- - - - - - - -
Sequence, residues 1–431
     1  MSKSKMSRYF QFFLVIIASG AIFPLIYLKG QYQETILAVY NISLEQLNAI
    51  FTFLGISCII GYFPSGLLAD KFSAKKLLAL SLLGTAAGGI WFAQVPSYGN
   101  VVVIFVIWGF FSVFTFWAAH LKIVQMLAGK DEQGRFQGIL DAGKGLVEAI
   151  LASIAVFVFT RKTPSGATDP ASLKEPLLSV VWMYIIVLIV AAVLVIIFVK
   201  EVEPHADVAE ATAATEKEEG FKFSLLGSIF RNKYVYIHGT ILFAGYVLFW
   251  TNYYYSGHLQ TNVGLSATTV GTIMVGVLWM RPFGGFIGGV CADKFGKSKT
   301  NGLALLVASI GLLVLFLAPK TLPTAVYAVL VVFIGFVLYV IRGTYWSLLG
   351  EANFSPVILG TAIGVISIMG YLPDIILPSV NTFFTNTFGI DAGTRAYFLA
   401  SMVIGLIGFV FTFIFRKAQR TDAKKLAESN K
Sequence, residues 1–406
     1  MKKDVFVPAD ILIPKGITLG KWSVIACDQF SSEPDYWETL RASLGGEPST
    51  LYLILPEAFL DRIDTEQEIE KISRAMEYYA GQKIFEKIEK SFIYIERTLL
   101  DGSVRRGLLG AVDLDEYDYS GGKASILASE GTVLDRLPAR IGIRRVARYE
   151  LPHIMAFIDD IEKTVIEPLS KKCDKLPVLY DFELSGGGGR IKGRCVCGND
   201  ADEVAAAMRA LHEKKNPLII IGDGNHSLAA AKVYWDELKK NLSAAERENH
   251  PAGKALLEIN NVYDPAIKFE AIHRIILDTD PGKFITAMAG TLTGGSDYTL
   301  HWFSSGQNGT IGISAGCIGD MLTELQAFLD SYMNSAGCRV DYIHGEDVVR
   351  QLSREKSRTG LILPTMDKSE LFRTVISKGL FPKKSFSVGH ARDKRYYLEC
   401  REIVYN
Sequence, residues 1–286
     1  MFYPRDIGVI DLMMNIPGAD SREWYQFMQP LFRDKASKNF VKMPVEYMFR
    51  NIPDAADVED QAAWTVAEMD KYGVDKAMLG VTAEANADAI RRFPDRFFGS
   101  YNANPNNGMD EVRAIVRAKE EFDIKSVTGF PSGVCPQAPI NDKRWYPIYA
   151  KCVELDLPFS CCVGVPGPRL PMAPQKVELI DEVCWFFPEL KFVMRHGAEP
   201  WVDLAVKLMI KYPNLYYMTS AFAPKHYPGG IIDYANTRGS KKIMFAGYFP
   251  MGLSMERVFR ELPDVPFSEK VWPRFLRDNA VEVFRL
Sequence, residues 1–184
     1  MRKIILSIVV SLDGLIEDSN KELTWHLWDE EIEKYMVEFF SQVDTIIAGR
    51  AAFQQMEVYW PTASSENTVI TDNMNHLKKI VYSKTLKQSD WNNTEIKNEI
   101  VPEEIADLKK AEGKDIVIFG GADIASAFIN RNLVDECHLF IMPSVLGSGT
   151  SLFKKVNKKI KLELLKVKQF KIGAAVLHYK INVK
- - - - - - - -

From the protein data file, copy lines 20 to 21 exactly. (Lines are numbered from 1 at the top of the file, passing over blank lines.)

   401  REIVYN
Sequence, residues 1–286